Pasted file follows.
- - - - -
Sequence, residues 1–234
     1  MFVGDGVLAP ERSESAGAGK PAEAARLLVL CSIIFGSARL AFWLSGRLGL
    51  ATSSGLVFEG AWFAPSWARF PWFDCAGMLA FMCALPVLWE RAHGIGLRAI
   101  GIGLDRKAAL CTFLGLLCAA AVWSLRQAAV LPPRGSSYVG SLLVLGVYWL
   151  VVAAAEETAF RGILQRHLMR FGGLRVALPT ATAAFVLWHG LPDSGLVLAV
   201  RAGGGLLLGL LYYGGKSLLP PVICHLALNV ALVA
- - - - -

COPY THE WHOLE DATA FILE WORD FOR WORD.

Sequence, residues 1–234
     1  MFVGDGVLAP ERSESAGAGK PAEAARLLVL CSIIFGSARL AFWLSGRLGL
    51  ATSSGLVFEG AWFAPSWARF PWFDCAGMLA FMCALPVLWE RAHGIGLRAI
   101  GIGLDRKAAL CTFLGLLCAA AVWSLRQAAV LPPRGSSYVG SLLVLGVYWL
   151  VVAAAEETAF RGILQRHLMR FGGLRVALPT ATAAFVLWHG LPDSGLVLAV
   201  RAGGGLLLGL LYYGGKSLLP PVICHLALNV ALVA